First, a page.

- By Dougal Shaw
- Business Correspondent, BBC News
Managing a business is never easy, especially if your predecessor is as successful and vocal as Mike Ashley.
But a year after taking over as chief executive of Frasers Group from his father-in-law, Michael Murray has told the BBC he is reinventing the company.
It is targeting a “new luxury, aspirational” customer at its 60 Flannels stores, which sell designer clothes in particular.
He admitted to his father-in-law, however, that he thinks the shops are “bonkers”.
The Frasers Group’s best-known brand is Sports Direct, which Mr Ashley founded in 1982 and built into a publicly-traded company.
The Sports Direct empire rebranded as Frasers in 2019 and now includes the likes of Jack Wills, Sofa.com, Evans Cycles and House of Fraser, as well as Flannels.
Mr Murray, 33, is married to Mr Ashley’s eldest daughter Anna. Before being appointed CEO last year, he was not an employee of Sports Direct, nor did he have a seat on the board. He earned millions of pounds in consultancy fees in connection with several property deals he did for the group.
Mike the mechanic
Mr Ashley, 58, is still the majority shareholder in Frasers Group and Mr Murray said his son-in-law was heavily involved in the business.
“Mike is an expert operator,” he says. We call him a “mechanic” – he takes care of the warehouse, the supply chain, he’s optimizing that engine.
“It’s making the back-end systems and logistics match the front-end. That’s what he spends his days and nights thinking about.”
At family events like Christmas, “We only talk about business, nothing else, it’s our common interest.”
“It’s hard,” Mr. Murray says with a smile. “We both live and breathe anxiety.”
But one area where Mr Ashley and his son-in-law don’t necessarily see eye-to-eye is flannels, where Mr Murray is pitching his vision for “aspirational shopping”.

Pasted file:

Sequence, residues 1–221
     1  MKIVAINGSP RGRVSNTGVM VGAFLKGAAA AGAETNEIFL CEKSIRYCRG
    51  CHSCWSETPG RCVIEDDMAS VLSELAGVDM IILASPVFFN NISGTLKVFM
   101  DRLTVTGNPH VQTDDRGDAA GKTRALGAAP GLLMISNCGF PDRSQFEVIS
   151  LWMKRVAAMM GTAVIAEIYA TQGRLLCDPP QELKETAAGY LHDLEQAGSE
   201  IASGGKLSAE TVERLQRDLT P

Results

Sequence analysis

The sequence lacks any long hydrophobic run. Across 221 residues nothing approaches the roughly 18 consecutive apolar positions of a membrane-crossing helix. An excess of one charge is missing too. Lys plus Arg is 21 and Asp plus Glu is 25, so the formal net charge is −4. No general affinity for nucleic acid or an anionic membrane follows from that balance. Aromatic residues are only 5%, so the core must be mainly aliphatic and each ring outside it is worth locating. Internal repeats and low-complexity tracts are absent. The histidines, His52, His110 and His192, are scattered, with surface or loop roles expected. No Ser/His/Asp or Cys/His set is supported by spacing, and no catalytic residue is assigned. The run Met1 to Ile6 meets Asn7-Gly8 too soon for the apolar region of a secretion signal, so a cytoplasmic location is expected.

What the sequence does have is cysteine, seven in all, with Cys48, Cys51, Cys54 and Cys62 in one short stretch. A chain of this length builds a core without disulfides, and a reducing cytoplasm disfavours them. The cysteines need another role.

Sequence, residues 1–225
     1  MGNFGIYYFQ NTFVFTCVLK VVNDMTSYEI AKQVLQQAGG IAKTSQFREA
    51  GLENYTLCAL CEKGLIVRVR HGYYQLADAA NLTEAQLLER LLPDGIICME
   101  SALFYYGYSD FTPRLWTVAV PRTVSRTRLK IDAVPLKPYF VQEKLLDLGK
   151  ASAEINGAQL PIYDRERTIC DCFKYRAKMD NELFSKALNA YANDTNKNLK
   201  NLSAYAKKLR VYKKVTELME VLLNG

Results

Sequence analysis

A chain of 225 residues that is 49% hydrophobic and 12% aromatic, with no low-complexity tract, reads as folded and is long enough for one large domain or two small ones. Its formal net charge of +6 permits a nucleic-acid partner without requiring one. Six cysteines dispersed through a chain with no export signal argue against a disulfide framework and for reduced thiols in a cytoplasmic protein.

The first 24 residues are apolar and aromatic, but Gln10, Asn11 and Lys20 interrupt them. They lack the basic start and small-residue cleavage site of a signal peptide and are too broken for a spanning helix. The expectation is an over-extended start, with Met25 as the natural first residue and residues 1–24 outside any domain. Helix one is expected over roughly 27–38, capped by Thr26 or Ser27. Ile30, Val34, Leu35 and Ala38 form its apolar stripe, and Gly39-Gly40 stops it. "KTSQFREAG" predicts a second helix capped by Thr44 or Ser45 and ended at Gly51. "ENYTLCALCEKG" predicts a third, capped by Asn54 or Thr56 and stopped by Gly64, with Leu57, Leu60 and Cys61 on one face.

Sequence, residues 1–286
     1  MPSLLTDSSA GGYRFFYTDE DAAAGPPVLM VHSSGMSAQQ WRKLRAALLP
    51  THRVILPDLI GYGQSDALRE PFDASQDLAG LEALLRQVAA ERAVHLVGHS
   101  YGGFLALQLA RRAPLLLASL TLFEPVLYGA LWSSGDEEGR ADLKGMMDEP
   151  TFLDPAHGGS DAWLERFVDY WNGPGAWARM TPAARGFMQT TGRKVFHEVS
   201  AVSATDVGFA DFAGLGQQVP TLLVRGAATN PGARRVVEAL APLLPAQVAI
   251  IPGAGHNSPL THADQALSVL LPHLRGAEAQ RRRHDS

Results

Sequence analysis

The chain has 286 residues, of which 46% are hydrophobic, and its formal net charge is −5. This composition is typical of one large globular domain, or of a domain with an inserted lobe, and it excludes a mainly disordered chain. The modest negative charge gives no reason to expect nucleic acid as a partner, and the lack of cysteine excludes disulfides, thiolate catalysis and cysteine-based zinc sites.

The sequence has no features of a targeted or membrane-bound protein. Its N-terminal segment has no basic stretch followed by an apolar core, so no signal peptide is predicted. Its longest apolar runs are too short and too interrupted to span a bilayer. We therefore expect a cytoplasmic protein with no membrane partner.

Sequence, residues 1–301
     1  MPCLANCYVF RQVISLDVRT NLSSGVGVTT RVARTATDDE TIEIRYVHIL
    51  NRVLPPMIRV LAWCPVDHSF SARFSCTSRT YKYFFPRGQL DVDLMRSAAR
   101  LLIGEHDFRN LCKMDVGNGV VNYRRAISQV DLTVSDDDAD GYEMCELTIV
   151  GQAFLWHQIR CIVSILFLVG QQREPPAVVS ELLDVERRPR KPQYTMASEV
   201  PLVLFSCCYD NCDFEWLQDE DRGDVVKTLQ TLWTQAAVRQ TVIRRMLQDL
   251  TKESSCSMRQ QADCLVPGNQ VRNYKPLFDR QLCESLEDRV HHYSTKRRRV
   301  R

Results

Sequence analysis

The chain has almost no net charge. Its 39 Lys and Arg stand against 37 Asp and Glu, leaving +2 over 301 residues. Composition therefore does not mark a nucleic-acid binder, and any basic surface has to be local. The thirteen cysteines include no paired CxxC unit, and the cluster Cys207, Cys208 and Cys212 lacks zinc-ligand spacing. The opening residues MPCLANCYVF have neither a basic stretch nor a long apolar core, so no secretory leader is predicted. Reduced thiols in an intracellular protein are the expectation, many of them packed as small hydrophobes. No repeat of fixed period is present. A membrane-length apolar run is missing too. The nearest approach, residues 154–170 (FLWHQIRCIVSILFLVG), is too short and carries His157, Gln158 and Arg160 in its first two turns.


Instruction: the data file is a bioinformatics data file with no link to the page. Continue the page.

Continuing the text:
If you look at a flannels shop on London’s Oxford Street, you’ll see sports tops at £600, trainers at £400 and hoodies at £300. There certainly aren’t any 2-for-1 sock deals, which you’ll still see at the Sports Direct store you see from down the street.
In the basement of London’s Flannels store is an immersive, digital art installation.
So what does Mr. Ashley do with flannels?
“He thinks it’s cool,” says Mr. Murray. “He couldn’t understand why people would spend so much money on luxury clothes. But he understood that you have to be relevant to consumers.
It helps when he sees the results. It’s amazing what we’ve done.
In the latest set of results, Frasers Group’s “premium lifestyle” brands saw revenues of more than £530m in the six months to the end of October, up almost 25% on the previous year, with flannels the biggest driver of that growth. .
The sports retail side of the business, including Sports Direct, although not growing as fast, still turns in three times as much revenue as the premium lifestyle arm.
Flannels, despite the high cost of living, have “turned the tide of new aspirational shopping,” Mr Murray said.
His target market is 18- to 30-year-olds, who have been taught by social media to covet expensive products, he said.
Many still live at home, so they are protected from rising interest rates, rent or high energy bills. They like to spend their disposable income on health, fitness and clothing, Mr Murray said.
While flannels may be his pride and joy, Mr Murray admits that as a sport he will continue to expand globally, including directly into Asia.
A year into his career, he says he wants his legacy to be “the change.” [of the business] From a discount sports retailer to Europe’s largest, most ambitious retailer.